The Modern Antiquarian. Stone Circles, Ancient Sites, Neolithic Monuments, Ancient Monuments, Prehistoric Sites, Megalithic MysteriesThe Modern Antiquarian




Ruth Tongue's sources (for her 1965 'Somerset Folklore) knew this as the Danish Camp, or perhaps even 'a Roman look-out or summer camp' (ah, a Roman summer camp, how sweet) and traditionally 'a band of Danish sea-robbers made it their fort while they preyed on the villages.' However, the women they kidnapped thought up a devious plan to get them all incapacitated, so one night while they were all feasting and drinking, the locals suddenly attacked and massacred the lot of them. 'On wild autumn nights at midnight they say you can still hear the revelry, followed by the clash of arms.' Only one of the Danes survived. A girl had fallen in love with the young musician boy who had fled before the battle, his harp slung over his shoulder. She sheltered him for several days until he was discovered - and killed. Afterwards his ghost was said to roam the slopes of Dowsborough - or 'Danesborough'- and heard singing faintly and plucking at his harp. To put it even more romantically (as Lawrence does in 'Somerset Legends'): "At times a startled pony pricks his ears at soft movements in the bracken and the notes of a muted song."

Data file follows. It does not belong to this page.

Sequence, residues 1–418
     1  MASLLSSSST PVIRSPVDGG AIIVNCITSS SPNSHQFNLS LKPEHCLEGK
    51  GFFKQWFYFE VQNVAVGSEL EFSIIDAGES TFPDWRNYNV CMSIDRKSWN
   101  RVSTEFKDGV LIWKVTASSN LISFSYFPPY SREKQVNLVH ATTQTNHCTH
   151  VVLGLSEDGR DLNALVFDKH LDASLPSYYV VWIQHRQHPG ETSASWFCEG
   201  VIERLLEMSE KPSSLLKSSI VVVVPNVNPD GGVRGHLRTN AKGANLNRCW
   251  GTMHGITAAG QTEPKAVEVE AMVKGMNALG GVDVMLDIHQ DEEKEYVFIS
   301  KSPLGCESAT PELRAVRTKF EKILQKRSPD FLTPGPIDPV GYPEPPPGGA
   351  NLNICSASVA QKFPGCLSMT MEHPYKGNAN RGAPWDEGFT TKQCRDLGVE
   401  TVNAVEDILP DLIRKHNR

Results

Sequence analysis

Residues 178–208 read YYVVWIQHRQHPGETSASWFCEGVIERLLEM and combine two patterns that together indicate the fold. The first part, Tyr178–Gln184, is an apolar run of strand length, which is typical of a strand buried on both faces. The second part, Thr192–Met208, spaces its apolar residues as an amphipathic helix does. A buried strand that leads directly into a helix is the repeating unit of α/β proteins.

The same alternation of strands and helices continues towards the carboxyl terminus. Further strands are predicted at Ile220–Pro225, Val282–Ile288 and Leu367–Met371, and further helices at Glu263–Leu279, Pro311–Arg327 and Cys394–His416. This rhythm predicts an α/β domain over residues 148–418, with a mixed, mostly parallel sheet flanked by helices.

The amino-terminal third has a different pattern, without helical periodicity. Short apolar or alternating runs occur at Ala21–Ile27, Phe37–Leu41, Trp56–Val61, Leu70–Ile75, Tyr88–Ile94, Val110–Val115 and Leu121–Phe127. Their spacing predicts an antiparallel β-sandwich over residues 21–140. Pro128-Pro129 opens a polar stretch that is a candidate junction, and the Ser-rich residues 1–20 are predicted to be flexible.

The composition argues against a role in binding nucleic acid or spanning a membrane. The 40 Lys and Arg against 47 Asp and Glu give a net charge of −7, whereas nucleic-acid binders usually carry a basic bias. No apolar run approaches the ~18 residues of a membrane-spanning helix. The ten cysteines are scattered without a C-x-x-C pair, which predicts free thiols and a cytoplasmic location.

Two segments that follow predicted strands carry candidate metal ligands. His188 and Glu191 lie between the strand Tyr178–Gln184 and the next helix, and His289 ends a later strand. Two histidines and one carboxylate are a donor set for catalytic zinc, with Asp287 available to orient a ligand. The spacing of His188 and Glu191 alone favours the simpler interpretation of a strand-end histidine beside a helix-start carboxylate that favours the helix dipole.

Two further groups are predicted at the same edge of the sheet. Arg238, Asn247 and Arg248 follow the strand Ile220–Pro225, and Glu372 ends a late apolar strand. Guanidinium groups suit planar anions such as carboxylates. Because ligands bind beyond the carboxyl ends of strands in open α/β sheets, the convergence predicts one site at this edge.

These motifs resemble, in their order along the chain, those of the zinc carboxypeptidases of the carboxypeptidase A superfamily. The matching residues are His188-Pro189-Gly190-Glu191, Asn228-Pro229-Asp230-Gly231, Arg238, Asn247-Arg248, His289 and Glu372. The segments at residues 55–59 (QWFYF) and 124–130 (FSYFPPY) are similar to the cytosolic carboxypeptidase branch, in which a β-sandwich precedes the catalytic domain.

Tongue mentions that 'Wordsworth remembers him in a poem." Wordsworth did live for a time on the edge of the Quantocks. So no doubt 'The Danish Boy'
is the poem she refers to.

John Garland's 'Haunted Somerset' (2007) mentions Berta Lawrence's 'Quantock Country', in which she says:
Near Danesborough Ring the Quantock woodmen swore they heard ghostly music issuing from underground, the revelling of Viking warriors feasting with wassail-cup and song.
Rhiannon Posted by Rhiannon
2nd August 2005ce
Edited 17th April 2009ce

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